The past week saw the East African Development Bank (EADB) avail a whooping UG Shs 215 million to Enterprise Uganda in support of small micro enterprise (SME) development in Uganda. This funding will mainly be used to train business owners on business and management skills.
I want to advance a three tier business growth and success strategy that I choose to brand as the ‘3 Cs strategy’ which are; Corporate Governance, Corporate Social Responsibility and Continuous Innovation. My take is that these three strategies applied in concert will revitalize business growth.
While it’s important that a business addresses the three areas simultaneously, it’s important to employ a working strategy that will attract the customer. Mr. Charles Ocici (Director, Enterprise Uganda) puts it well: “…there’s only one boss in business and that is the customer.” Any business practice impacts the customer base and influences customer loyalty.
Corporate governance addresses the internal governance system, process and structure of an organization. It is keen on general management and operations, financial management and risk management among other areas. A business can command a host of customers but without adequate, appropriate and effective internal systems and processes, it won’t succeed. In business things are not left to chance. Since the customer is complicated, delicate and has several options, the one who gives the best offer wins customer loyalty. Businesses must be keen upholding standards by maintaining proper books of accounts, undertaking periodic audits, upholding credible recruitment standards and procedures and efficient procurement. Successes in the procurement reforms will yield massive savings through transparent and regulated procurement processes.
Risk management will enable the business to identify and assess risks and consequently devise counter measures to address such risks. All these constitute corporate governance and fundamentally allow for proper business management practices that will impact every aspect of the business entity resulting in a healthy business.
An online introductory course in corporate social responsibility (CSR) conducted by the World Bank Institute gave me a deep appreciation of the concept. The premise of CSR is that a business is in effect a Social enterprise whose operations don’t occur in isolation but rather in society/community and therefore businesses are responsible to the communities in which they operate. CSR doesn’t refer to efforts involving dishing out money to charities and aid agencies , hi-tech gadgets, houses and all that we often see only. It is a comprehensive concept addressing every aspect that relates to doing business responsibly notably environment protection, labor security, human rights, health protection and community involvement among others. In other words, a business’ venture to boost sale may not necessarily amount to much if back in the factories, working conditions are pathetic. This inevitably affects the work force in terms of motivation and productivity. CSR is described by some scholars as the humane face of the organization as if to imply co-existence with the inhumane face.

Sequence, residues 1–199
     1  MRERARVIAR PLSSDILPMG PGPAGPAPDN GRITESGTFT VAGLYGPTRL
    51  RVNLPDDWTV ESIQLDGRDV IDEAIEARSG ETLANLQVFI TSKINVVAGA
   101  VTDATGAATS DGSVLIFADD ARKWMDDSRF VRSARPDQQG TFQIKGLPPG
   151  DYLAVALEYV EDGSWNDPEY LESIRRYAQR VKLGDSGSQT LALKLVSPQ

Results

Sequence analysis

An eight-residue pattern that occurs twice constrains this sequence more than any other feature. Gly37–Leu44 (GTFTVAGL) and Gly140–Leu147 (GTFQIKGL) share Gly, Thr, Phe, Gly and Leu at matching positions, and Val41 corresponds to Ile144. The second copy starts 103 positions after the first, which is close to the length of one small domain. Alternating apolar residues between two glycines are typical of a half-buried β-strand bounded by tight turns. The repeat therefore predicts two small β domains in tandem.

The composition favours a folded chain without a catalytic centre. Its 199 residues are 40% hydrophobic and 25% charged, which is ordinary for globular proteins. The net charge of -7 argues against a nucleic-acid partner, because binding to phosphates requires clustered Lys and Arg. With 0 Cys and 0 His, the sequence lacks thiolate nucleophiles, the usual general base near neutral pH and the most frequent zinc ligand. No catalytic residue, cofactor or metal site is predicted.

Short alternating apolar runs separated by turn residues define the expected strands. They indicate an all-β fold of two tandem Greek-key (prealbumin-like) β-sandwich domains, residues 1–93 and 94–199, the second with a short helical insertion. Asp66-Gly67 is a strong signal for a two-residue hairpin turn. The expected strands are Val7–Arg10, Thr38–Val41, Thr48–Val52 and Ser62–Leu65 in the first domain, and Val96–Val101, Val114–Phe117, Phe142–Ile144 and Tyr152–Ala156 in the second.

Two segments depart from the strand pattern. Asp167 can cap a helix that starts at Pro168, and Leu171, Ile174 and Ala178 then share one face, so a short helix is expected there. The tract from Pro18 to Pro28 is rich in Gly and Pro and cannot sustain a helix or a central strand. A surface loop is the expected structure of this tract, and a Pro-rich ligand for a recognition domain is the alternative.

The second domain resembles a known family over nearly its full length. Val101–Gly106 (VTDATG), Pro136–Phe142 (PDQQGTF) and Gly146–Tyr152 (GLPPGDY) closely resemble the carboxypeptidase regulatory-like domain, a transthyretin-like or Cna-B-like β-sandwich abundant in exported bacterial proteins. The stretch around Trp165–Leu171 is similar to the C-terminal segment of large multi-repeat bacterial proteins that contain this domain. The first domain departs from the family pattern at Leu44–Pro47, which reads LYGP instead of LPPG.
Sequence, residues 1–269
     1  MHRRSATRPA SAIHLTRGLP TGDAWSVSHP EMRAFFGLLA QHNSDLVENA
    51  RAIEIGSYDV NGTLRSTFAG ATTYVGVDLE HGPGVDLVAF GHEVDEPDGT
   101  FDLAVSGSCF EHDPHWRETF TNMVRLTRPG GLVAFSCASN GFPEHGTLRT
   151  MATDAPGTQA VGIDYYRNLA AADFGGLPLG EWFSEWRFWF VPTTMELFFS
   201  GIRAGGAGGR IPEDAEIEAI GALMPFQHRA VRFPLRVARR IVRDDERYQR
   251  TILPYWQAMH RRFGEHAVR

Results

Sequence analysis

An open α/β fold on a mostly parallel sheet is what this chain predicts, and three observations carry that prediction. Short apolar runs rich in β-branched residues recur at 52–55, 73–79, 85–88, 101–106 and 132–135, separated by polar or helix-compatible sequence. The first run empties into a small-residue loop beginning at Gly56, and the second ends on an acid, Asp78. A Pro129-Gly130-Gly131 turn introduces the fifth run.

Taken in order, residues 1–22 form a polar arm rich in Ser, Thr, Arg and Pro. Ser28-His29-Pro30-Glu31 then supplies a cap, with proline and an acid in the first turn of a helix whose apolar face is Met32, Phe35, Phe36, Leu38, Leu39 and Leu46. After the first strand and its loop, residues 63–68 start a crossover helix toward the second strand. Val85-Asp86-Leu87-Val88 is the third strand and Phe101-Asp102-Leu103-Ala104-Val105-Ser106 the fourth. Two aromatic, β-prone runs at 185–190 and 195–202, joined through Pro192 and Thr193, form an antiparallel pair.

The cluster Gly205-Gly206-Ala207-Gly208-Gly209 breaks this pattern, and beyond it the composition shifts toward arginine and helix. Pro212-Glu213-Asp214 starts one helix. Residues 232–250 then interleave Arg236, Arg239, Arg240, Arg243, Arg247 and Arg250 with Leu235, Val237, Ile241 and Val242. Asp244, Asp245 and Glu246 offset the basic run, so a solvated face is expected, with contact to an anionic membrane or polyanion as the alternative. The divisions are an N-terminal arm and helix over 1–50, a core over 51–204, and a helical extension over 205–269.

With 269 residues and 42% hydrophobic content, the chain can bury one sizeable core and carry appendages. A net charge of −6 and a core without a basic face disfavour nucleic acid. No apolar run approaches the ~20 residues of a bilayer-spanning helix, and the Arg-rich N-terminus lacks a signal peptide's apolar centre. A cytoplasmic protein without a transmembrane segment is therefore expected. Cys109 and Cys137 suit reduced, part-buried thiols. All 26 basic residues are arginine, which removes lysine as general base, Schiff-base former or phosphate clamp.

CSR should run in the veins of any business and be at core of the business strategy. It will have direct effects of a motivated highly engaged and productive work force, communities that are committed to the business’ products and a business that harmoniously co-exists with the environment.
It can not be better put than in the words of Kofi Anan former Secretary General of the UN (1999),” We have to choose between a global market, driven only by calculations of short-term profit, and one which has a human face. Between a world which condemns a quarter of the human race to starvation and squalor, and one which offers everyone at least a chance of prosperity, in a healthy environment. Between a selfish free-for-all society in which we ignore the fate of the losers, and a future in which the strong and successful accept their responsibilities, showing global vision and leadership.”
Continuous innovation means incessant re-inventing the wheel to meet the ever changing needs and demands of the market. The only constant in this world is change. A dynamic world calls for an equally dynamic business response. Businesses should develop systems to anticipate change with accuracy so that they can position themselves to respond appropriately. Product/service programmes and processes must all be flexible in order to accommodate changing demands. This requires open mindedness and incorporation of Information Communication Technology in business.
Ideally these three strategies are the benchmark for successful business. While business often concentrate on the third, the first two have in recent years taken centre stage and become key variables against which businesses are evaluated by the customers and government and standards bodies.